I was fascinated by her discussion of countertransference in Bodies – the theory that a client’s emotions can be passed to the therapist – but she maintains that countertransference is also something to watch out for outside of the clinic. “For young women, I always say: notice when you’re talking to someone and you suddenly feel inadequate and competitive when you weren’t feeling it before you spoke to the person. It’s worth examining whether you think the person was feeling inadequate and competitive, whether they were subconsciously pumping that out, and you picked it up. Okay, it slotted into your own insecurities, but it wasn’t an embracing conversation – it was a conversation where the other person was feeling negatively about themselves and put it on you, and you picked it up.”
She says the thing she says most to women with body distress is to work really hard at identifying hunger. “You may say I’m always hungry, but one isn’t. Know yourself and look after yourself in this way. Feel you know your body from the inside rather than from the outside. Look at a picture of yourself from a few years ago and you’ll probably like it. That’s a really good corrective.”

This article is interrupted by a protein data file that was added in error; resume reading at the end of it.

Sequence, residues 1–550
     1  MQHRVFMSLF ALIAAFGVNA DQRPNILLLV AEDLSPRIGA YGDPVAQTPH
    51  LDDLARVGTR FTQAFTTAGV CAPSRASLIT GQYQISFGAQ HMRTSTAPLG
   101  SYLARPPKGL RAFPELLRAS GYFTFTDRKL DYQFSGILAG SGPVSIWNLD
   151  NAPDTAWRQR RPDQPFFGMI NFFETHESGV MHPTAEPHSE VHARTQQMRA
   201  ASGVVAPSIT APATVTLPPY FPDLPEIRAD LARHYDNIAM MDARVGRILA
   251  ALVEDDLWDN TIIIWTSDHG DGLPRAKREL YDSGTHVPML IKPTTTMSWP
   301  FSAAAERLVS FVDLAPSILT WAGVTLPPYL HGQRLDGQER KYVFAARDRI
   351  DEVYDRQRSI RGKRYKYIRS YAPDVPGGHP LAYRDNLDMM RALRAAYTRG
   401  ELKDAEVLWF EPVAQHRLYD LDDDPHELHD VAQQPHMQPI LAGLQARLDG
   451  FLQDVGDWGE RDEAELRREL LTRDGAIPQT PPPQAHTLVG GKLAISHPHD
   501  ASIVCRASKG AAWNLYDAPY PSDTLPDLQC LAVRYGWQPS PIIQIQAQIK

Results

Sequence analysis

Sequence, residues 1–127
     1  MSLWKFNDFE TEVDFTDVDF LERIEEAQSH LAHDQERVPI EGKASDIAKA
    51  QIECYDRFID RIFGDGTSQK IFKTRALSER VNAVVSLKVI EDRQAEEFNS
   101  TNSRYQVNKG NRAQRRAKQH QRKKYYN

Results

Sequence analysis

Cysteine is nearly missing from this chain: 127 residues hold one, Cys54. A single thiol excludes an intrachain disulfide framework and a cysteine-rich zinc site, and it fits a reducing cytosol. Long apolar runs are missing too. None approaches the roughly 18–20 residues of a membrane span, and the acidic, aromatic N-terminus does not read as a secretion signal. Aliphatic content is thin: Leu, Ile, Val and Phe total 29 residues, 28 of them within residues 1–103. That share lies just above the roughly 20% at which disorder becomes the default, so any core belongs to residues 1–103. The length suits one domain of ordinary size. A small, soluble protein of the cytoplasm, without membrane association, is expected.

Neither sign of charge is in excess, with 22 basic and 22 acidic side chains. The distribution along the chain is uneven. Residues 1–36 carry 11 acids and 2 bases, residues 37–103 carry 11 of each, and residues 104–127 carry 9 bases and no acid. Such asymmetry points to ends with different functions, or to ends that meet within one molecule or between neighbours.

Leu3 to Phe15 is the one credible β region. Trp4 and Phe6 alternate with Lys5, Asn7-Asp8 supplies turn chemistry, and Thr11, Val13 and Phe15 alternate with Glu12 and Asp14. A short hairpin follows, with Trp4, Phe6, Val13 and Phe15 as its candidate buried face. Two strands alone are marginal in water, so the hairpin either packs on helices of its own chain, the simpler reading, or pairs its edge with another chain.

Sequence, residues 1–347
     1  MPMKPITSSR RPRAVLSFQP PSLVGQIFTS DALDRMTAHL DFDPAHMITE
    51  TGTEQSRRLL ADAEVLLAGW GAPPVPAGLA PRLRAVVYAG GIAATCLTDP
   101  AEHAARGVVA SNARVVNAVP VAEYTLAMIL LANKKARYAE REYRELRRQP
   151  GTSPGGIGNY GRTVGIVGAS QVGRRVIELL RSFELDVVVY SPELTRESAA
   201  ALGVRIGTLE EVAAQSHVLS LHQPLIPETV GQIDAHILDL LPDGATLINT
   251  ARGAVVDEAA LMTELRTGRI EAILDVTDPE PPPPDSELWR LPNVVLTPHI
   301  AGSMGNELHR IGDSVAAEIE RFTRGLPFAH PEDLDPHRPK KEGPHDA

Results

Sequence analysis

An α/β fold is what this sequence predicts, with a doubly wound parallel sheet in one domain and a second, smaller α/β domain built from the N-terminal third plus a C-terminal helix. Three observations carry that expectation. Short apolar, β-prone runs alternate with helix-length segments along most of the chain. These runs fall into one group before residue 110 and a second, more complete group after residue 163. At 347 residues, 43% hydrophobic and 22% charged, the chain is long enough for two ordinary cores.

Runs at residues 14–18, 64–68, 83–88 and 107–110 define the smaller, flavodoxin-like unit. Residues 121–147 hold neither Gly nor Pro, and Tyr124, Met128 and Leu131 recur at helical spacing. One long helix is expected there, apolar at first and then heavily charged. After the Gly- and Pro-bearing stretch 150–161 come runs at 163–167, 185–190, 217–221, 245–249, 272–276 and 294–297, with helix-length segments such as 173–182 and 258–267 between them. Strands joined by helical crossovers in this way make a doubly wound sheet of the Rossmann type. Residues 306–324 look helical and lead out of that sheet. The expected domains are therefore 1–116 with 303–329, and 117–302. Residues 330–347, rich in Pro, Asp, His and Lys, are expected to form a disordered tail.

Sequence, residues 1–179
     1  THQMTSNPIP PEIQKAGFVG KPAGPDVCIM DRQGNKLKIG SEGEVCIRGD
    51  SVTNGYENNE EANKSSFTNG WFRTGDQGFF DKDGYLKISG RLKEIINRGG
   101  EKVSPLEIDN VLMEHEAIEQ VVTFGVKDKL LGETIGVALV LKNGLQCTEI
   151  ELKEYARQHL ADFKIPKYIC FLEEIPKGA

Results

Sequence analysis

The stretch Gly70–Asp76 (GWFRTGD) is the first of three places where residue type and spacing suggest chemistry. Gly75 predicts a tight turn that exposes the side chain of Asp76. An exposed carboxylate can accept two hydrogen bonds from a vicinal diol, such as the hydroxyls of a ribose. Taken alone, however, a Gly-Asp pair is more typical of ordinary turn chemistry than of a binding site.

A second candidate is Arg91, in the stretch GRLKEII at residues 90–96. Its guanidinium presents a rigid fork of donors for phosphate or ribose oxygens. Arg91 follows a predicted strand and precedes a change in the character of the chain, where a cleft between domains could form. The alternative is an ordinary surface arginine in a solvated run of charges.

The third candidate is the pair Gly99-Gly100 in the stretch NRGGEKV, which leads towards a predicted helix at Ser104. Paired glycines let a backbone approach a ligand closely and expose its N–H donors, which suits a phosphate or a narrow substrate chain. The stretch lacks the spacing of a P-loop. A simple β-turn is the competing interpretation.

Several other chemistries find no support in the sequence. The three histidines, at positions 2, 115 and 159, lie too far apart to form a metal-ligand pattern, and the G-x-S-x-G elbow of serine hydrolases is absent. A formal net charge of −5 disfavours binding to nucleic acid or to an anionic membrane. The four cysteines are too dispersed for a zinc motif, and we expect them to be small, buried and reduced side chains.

Throughout the interview, Susie is both strikingly driven and calmly accepting. I feel greedy for more of her wisdom – is there another book? She says she has one coming out in November called In Therapy. And she talks with great spirit about the general process of co-creating with Luise. “I love collaborating with her,” she says. “Our ideas are so in-tune and deeply connected – it’s a long-term collaboration.”
Despite her wearing a number of different professional hats, Susie says they’re all connected at one root. “I’m a clinician, I work in my practice,” she says, and then adds with a smile, “But I use that work to agitate political with the powers that be.”